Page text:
Mr Redwood’s intervention during the Prime Minister’s Statement on the Panama Papers, 11 April

John Redwood (Wokingham) (Con): According to the official Office for Budget Responsibility forecasts, we are likely to lose £7.3 billion of tax revenue to multinational companies over the ensuing five years because they will sue us in court and get the European Court of Justice to overturn the taxes we wish to impose, and there is another £35 billion at risk. What can we do here to make sure those companies pay their fair amounts, which this Parliament wants but the ECJ does not?

The Prime Minister (Mr David Cameron): We took a whole series of actions in the Budget, and of course we have the diverted profits tax, which is a tremendous weapon for making sure these companies pay their tax in the jurisdictions where they are rightly earning the money. This tool of being able to exchange tax information and having a common reporting standard, which is what we set in train in 2013, will make the biggest difference.

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One Comment

  1. Antisthenes
    Posted April 13, 2016 at 5:46 am | Permalink

    How little most of us understand the tax system. Few realise that the UK is just one cog in a global machine when it comes to taxing people and businesses. Other cogs notably the EU who have a considerable jurisdiction over out tax affairs, other nations who have different tax laws and even bodies like the OECD all make for a simple direct method of tax collection impossible. We clamour for everyone to pay their fair share of tax. Most do except it is often not paid where those clamouring want it to be.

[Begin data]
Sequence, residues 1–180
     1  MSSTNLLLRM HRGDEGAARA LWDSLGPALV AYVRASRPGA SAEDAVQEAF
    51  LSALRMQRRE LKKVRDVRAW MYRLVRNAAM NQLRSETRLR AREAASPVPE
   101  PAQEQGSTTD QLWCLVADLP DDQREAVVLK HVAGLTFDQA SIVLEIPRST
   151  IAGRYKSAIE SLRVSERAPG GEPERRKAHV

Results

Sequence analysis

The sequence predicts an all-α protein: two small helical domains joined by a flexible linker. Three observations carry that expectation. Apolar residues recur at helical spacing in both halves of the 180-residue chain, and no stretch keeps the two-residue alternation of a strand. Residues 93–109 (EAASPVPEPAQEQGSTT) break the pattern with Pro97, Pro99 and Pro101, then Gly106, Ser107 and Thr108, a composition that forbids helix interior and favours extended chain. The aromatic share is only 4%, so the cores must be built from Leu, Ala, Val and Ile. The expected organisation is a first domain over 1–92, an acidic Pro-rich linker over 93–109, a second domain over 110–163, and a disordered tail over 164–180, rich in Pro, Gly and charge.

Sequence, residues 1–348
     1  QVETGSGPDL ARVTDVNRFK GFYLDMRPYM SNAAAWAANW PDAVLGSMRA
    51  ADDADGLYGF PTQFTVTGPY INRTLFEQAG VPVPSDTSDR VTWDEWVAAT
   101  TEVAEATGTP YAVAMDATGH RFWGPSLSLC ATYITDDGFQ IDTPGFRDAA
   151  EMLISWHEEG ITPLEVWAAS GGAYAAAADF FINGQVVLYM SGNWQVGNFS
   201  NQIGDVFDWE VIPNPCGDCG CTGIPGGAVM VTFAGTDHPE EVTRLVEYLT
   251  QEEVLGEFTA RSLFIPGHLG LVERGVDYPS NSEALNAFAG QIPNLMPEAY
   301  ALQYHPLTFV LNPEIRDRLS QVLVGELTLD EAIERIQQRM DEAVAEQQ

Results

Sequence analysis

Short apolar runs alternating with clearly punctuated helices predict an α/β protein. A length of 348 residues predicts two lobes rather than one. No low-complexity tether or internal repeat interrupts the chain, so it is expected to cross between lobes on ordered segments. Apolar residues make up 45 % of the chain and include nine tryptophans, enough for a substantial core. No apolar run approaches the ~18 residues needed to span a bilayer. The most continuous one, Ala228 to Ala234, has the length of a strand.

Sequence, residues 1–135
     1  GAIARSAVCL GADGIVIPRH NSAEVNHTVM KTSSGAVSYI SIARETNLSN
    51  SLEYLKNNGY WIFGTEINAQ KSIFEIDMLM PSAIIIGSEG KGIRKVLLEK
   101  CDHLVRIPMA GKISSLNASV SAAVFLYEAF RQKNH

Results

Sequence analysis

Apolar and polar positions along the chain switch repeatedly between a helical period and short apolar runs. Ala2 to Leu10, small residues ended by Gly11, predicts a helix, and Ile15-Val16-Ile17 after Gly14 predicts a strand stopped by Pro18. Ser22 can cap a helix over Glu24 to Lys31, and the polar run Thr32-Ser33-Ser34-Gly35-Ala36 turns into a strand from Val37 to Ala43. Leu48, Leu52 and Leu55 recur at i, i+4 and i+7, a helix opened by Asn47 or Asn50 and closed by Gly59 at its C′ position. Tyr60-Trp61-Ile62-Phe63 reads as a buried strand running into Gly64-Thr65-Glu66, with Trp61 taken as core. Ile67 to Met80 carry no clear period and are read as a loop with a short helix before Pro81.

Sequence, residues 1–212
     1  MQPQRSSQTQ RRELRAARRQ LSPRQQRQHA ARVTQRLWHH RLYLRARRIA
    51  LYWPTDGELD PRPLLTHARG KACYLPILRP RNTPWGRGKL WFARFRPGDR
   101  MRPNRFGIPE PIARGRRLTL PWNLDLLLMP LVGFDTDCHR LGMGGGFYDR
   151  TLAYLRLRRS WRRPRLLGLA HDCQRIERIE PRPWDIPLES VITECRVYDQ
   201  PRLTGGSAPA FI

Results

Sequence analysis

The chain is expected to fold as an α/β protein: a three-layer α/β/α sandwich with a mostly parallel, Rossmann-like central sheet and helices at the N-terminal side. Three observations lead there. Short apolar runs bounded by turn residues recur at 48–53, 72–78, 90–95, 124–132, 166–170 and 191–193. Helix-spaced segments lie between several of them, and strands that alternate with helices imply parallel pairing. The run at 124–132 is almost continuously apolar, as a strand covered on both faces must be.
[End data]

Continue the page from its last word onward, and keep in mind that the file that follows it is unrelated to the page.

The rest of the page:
The system is probably equitable no doubt not perfect and could be improved. The best way to have it paid where people want it be is to have a national tax system that encourages that. Protectionism. restrictive practices and prohibition in the end never works. That way tax revenues will fall not rise.

  • About John Redwood

    John Redwood won a free place at Kent College, Canterbury, and graduated from Magdalen College Oxford. He is a Distinguished fellow of All Souls, Oxford. A businessman by background, he has set up an investment management business, was both executive and non executive chairman of a quoted industrial PLC, and chaired a manufacturing company with factories in Birmingham, Chicago, India and China. He is the MP for Wokingham, first elected in 1987.

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